Guido Molinari at Valentin Gallery

21 September to 5 October 2013

Gallery owner Jean-Pierre Valentin, who typically opens each of his seasons with a prestigious exhibition, selected the work of Guido Molinari as the theme for autumn 2013. He has selected paintings and drawings made between 1955 and 1959, which constitute, in addition to their intrinsic value, an irreplaceable introduction to the works of the 60s and following years.

By the mid-nineteen fifties, Guido Molinari was no longer only the impetuous still-teen-aged Dadaist whose paintings created in total darkness provided the members of the Automatiste school with lessons on…true automatism. Nor was he merely a “prophet of freedom and mental fertility”, in the words of poet Claude Gauvreau. Indeed, the artist who half-jokingly described himself as the “theorist of Molinarism”, had become a force to be reckoned with: assisted by Fernande Saint-Martin, Molinari opened an art gallery wholly devoted to non-figurative art called L’Actuelle, which despite its brief existence would prove to be the most stimulating intellectual venture of the decade. (Notably, the gallery will show the watercolours created by Borduas during his exile in New York City). Immediately prior, Molinari had been in charge of exhibitions at the L’Échourie restaurant, another mythical venue where the artist had his own first solo show.

In 1955, he participated in Espace 55, the prestigious exhibition put on by art patron Gilles Corbeil at the Montreal Museum of Fine Arts, with six works about which Rodolphe de Repentigny, the most respected critic of his day, wrote: “The drawings by Molinari occupy a place of their own in this exhibition”. It was on this occasion that Borduas, invited to the opening by Corbeil, took to degrading Montreal painting in comparison to that produced in New York. In the debate which followed between Fernand Leduc and Borduas, Molinari sided with the latter, writing a celebrated essay entitled “L’Espace tachiste ou Situation de l’automatisme” (Spatiality of Spontaneous Forms or the State of Automatism) which dwells on the Cézanne-Mondrian-Pollock filiation, and more importantly, on the need for any movement to put forward its own structure of the pictorial space. It is worth remembering that in 1955 Molinari made a trip to New York, where he was highly impressed to see in person the works of Kandinsky, Mondrian, Pollock and de Kooning, and that L’Actuelle hosted a show of American painting in exchange for an exhibition of nine L’Actuelle painters at the Parma Gallery in New York City.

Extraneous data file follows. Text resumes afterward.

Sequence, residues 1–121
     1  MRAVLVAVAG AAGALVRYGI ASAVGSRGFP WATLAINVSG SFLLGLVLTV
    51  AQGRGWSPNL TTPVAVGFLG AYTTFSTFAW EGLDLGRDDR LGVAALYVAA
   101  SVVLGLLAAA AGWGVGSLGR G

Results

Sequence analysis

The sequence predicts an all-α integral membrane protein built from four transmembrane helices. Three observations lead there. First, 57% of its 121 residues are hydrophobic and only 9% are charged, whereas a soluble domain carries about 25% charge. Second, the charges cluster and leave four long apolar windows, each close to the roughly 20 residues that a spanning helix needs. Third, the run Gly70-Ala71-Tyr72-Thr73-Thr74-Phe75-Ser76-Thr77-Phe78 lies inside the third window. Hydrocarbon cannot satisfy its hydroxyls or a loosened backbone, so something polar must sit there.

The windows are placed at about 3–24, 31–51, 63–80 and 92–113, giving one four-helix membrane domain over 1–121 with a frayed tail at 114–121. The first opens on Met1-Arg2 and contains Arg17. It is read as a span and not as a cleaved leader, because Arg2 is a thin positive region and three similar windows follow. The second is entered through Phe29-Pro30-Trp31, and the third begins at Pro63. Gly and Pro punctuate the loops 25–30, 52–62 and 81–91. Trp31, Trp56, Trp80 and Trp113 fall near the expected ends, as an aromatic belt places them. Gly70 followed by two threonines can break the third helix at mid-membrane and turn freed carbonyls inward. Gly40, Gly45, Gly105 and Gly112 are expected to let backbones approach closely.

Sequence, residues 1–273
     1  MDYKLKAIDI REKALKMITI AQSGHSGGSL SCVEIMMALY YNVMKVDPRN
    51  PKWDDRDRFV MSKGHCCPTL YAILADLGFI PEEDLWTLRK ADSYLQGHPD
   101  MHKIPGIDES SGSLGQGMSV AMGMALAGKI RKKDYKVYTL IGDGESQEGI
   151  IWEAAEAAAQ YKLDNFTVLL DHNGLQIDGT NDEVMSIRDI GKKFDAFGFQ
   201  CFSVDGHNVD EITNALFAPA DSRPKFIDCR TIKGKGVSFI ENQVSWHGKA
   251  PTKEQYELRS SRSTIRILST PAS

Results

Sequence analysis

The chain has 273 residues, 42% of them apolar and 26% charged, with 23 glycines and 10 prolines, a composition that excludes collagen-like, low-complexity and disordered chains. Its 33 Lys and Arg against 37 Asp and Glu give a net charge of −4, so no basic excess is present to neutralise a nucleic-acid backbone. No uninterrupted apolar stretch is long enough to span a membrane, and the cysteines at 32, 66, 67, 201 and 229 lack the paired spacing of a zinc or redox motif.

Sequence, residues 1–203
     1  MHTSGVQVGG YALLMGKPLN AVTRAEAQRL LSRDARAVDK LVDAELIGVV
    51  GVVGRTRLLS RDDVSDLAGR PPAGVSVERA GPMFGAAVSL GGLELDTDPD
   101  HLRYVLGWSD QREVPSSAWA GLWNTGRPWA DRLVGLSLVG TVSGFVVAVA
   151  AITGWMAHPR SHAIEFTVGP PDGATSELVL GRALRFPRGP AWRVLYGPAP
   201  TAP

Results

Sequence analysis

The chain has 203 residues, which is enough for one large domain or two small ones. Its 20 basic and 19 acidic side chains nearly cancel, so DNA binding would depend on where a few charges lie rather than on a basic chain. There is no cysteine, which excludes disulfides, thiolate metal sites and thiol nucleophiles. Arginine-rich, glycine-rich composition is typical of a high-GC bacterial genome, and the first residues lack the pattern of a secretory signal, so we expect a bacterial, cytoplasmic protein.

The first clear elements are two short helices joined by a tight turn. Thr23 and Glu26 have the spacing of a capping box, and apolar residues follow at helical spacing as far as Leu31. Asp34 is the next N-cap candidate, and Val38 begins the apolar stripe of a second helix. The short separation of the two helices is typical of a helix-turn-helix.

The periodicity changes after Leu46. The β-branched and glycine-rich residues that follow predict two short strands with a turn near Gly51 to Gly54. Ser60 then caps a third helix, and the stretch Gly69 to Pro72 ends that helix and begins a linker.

Generous with his resources and his time, Molinari also participated in the launch of the Non-Figurative Artists Association of Montreal, of which he was to be the first treasurer; the sole purpose of this group was to organize shows for its members. The first annual exhibition of the NFAAM was held in the lobby of the Hélène de Champlain restaurant, an establishment run by the Montreal Parks Department, where Molinari showed a painting titledAbstraction, 1955, which would become one of his best-known works. Pierre Théberge would later comment that this work was “remarkable not only by its dimensions, but by the clarity of its conceptual premise: the brilliant black, instead of creating a hole within the white surface, affirms its status as a colour and becomes as much a part of the surface of the work as does the white. Molinari posited the spatial equivalence of black and white, and created for himself the dynamic balance of the surface which had originally been discovered by Mondrian”.

And the story was just getting underway.

– Gilles Daigneault